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Markbo

Making election under paragraph 45(2) - how does that work?

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I rented out my principal residence for a few months in 2015 while I was away for work reasons, so I'd like to make an election under paragraph 45(2) of the income tax act that the property use has not changed. The purpose is that the home remains my principal residence, I don't want to be charged capital gains tax, and I don't want to have to repay the outstanding amount in the Home Buyer's Plan right now.

 

Does anybody know how to do that in Ufile? The rental income pages are pretty clear otherwise.

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If you never sold the home or bought another one in the process, then there is no need to designate anything. Just report the rental income. 

 

Also just make your regular Home Buyer's Plan repayment for the year.

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That would be nice, but CRA told me something different.

 

The correct procedure is to file on paper and to include a note saying that you make an election under subsection 45(2) to maintain the home as principal residence. Then rental income needs to be reported as normal and current expenses (but not capital expenses) can be claimed. The HBP is unaffected in that case, but a change in the use to a rental property could otherwise trigger a treatment as "deemed disposition," which would require immediate repayment of the outstanding amounts under the HBP.

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Hi,

Here's what I got on the CRA website:

https://www.canada.ca/en/revenue-agency/services/tax/technical-information/income-tax/income-tax-folios-index/series-1-individuals/folio-3-family-unit-issues/income-tax-folio-s1-f3-c2-principal-residence.html#N10A4E

Complete change in use of a property from income-producing to principal residence

2.54 If a taxpayer has completely changed the use of a property (for which an election under subsection 45(2) is not in force) from income-producing to a principal residence, he or she is deemed by paragraph 45(1)(a) to have disposed of the property (both land and building), and immediately thereafter reacquired it, at fair market value. This deemed disposition can result in a taxable capital gain. The taxpayer may instead defer recognition of the gain to a later year by electing under subsection 45(3) that the above-mentioned deemed disposition and reacquisition under paragraph 45(1)(a) does not apply. This election is made by means of a letter to that effect signed by the taxpayer and filed with the income tax return for the year in which the property is ultimately disposed of (or earlier if a formal demand for the election is issued by the CRA). For e-filers, see the Paper documentation page on the CRA website. Also, subsection 220(3.2), in conjunction with section 600 of the Regulations, provides the authority for the CRA to accept a late-filed subsection 45(3) election. Such a late-filed election may be accepted under certain circumstances. For further particulars on the acceptance of late-filed elections, see the current version of Information Circular IC07-1 .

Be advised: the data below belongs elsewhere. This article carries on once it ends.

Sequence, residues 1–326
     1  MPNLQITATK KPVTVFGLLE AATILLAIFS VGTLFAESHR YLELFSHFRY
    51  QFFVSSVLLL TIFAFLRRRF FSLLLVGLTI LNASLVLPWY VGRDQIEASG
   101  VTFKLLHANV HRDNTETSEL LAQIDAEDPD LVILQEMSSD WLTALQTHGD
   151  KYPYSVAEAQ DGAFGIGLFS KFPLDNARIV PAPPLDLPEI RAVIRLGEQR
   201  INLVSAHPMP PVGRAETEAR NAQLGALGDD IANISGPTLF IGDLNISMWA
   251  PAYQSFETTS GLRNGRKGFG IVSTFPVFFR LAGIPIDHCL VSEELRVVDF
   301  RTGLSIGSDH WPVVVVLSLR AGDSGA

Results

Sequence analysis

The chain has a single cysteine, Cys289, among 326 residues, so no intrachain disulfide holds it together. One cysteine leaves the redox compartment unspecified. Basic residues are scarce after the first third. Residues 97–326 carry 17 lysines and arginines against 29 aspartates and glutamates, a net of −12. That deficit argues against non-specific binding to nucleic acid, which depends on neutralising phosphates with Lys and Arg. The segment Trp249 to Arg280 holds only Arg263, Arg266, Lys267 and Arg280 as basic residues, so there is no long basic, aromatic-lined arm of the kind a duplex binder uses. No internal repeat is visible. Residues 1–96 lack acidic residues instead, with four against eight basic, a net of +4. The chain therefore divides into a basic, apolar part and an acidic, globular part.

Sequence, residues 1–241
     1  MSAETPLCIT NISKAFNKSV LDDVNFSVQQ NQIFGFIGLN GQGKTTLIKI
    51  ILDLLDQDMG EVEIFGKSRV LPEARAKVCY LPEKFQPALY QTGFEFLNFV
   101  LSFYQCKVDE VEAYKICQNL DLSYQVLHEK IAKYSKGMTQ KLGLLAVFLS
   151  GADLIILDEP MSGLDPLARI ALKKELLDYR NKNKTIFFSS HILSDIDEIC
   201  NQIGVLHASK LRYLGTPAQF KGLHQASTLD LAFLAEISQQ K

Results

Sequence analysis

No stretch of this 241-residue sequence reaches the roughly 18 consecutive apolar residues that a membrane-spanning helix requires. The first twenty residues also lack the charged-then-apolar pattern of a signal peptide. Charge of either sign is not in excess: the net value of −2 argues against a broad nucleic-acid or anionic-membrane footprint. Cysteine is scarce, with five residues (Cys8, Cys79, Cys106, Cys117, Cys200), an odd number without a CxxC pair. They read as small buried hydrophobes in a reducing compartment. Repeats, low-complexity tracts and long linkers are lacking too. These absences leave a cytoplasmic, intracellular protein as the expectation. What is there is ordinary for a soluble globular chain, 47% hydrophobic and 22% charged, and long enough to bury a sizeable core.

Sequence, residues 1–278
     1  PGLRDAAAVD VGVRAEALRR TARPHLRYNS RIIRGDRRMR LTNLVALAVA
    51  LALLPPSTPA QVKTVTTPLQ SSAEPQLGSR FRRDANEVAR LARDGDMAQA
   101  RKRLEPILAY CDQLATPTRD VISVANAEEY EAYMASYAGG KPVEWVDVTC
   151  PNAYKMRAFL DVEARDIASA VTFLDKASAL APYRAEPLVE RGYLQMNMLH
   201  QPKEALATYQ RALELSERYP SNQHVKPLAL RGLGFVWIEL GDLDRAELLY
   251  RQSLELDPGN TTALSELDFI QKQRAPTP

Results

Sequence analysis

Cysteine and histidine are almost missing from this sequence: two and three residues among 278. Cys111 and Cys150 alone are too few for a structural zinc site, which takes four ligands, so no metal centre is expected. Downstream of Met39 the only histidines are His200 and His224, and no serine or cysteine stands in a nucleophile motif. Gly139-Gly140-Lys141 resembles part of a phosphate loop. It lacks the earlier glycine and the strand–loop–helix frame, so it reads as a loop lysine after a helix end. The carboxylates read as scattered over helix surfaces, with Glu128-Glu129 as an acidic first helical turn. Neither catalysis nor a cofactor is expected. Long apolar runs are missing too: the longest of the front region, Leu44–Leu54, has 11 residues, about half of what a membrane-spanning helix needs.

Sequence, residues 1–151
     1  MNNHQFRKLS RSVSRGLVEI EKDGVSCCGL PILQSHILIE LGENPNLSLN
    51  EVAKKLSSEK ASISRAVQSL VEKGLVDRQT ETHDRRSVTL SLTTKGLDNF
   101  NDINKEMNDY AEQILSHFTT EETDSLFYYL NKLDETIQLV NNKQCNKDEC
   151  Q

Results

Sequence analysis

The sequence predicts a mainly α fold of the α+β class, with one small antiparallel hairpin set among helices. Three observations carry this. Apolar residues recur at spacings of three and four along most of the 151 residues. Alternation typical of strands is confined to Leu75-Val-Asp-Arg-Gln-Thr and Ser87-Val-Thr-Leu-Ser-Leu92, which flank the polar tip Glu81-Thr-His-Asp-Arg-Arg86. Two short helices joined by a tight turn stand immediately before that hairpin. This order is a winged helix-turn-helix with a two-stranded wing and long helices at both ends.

2.55 Even if a subsection 45(3) election is filed in order to defer recognition of a gain from the change in use of a property from income-producing to principal residence, the net income from the property for the period before the change in use must still be reported. However, for purposes of reporting such net income, it should be noted that an election under subsection 45(3) is not possible if, for any tax year ending after 1984 and on or before the change in use of the property from income-producing to a principal residence, CCA has been allowed in respect of the property to:

  • the taxpayer;
  • the taxpayer’s spouse or common-law partner; or
  • a trust under which the taxpayer or his or her spouse or common-law partner is a beneficiary.

CCA so allowed would cause subsection 45(4) to nullify the subsection 45(3) election.

2.56 Similar to the treatment for a subsection 45(2) election (see ¶2.50 - 2.51), a property can qualify as a taxpayer’s principal residence for up to four tax years prior to a change in use covered by a subsection 45(3) election, in lieu of fulfilling the ordinarily inhabited rule (discussed in ¶2.10  - 2.12) for these years. As in the case of a subsection 45(2) election, residence or deemed residence in Canada during these years is necessary for the full benefit of the principal residence exemption to apply. Furthermore, the rule described in ¶2.13  - 2.14 prevents the designation of more than one property as a principal residence for any particular year by the taxpayer (or, for any particular year after the 1981 tax year, by the taxpayer or any other member of his or her family unit).

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